I knew for more than a month that I was going to meet with a counselor at the hospital. Several times Ed told me I could call and ask if I could reschedule my appointment with her, simply because I didn’t want to go to a counselor again (I’ve had a few rocky sessions with past counselors). Ed also told me that these sessions are going to cost money, and if I had never developed an eating disorder, I wouldn’t have to pay for such things. Normal people don’t have to go see counselors (actually, they often do), normal people don’t have to have someone tell them what to eat, why can’t I just be normal? Thanks, Ed. I realized I’m not normal years ago, when you so lovingly stepped into my life and made it hell, so you can just shut up now. I’m worth the money to get me better. I’m worth all the time I’m putting in, and everyone else is putting in. I am going to finally show you who’s boss, because I hate you, and want you gone. I fear I may never fully get rid of you, but I’m gonna try my hardest to shut you out.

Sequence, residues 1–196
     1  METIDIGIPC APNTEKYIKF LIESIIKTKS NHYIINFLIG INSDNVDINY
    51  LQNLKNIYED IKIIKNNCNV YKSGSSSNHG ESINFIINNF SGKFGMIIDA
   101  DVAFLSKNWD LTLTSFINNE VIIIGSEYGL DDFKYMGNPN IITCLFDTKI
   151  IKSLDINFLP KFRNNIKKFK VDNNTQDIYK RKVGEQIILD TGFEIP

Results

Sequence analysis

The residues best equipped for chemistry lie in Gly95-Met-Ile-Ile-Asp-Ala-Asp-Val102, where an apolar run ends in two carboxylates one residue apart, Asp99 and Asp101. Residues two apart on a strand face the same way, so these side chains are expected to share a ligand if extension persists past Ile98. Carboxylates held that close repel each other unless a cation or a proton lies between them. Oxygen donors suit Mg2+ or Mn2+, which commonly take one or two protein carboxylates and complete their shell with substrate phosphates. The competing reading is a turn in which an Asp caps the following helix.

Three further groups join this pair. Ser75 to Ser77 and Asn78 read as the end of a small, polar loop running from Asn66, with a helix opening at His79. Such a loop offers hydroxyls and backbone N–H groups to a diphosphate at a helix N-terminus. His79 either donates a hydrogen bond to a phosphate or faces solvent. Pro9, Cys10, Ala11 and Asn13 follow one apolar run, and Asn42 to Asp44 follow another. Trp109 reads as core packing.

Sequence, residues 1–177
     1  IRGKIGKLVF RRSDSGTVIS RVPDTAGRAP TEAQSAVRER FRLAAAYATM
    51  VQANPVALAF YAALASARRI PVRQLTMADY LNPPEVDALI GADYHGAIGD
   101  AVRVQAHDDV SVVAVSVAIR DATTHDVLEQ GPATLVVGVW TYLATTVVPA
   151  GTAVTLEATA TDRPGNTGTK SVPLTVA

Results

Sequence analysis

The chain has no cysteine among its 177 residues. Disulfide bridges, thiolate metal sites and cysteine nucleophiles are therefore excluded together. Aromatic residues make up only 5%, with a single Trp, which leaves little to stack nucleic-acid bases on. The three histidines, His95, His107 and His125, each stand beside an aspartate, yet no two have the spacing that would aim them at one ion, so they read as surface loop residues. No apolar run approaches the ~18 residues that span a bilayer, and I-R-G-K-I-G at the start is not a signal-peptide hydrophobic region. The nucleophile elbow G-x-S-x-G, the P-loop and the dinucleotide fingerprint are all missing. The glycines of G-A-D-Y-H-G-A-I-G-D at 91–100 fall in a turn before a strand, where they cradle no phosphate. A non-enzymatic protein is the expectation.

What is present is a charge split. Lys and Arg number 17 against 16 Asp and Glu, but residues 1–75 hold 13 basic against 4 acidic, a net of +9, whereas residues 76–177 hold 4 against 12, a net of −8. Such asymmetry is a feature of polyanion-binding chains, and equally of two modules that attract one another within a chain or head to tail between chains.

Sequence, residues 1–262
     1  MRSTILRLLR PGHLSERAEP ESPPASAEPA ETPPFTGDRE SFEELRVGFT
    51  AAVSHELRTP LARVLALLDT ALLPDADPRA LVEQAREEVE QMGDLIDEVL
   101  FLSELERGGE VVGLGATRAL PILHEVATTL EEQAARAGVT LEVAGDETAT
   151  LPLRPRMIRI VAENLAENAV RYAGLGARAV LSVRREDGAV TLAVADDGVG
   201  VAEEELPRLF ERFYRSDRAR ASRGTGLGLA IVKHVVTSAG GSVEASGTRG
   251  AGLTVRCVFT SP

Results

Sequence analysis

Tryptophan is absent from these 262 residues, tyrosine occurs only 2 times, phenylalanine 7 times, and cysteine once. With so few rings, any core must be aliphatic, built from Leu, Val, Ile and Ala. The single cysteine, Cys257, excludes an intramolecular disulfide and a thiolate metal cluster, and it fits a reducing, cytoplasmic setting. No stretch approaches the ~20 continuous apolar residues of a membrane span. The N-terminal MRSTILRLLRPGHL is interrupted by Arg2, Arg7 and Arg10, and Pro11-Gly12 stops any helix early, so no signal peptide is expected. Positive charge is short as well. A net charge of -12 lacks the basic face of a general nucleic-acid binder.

I knew going into this that it would be time intensive, exhausting, frustrating at times, easy at others. I knew it would cost money, and that I had the time and money to get me better. After all, if I don’t recover, I probably won’t have a life, so I might as well try. Slowly I am learning to be OK with things that were never all right in the past. I can have my evening snack before I wash my face. I don’t have to read the newspaper over lunch. If I don’t get to read a magazine while I eat dinner, I can actually talk to my companions. I can sit down and relax when I get home from work before putting my house and things in order. I can buy food for myself, or pay for a doctor’s appointment, because I need to show myself I am worth it, and no one else is going to do it for me. I am an adult, even if I may not always feel like it. Ed likes to think he has control over all aspects of my life. Lately though, I have felt his grip releasing and me getting stronger. I really feel like right now, Ed is only controlling some of my decisions around food. And even in that realm, he doesn’t have as much say. I had a milkshake, and then for dinner I had pasta drizzled with olive oil (extremely scary, he didn’t tell me but when I asked if he had put some on, he bashfully answered yes. Way to be bold and fight, Ed!) and sauce and some garlic bread. Then I had peanut butter and crackers and all of the other food I am supposed to have in a day, and Ed was quiet throughout most of the day. Here and there he spewed a few expletives at me, but right now I envision him in a holding cell, with shackles on. The only power he has is to stay in one part of the cell (my brain) and yell crap. He’s waiting to be found guilty, just so you know. I’m pretty sure he’s going to get the death sentence. Maybe he’ll hang himself first. Sometimes he gets really loud and riled up and it’s hard to ignore him. Other times I can hear him, but I laugh at what he is saying. He’s so pathetic. I like those days best, the days I laugh in pity at how lame he is. How he thinks he’s so special, and worth listening to. It’s like I have a running commentary going on not head. “You shouldn’t have had that”, “that’s too much”, “you’re going to get fat now”. That’s all Ed, yelling at me from the corner of his damp, smelly prison cell. Enough already.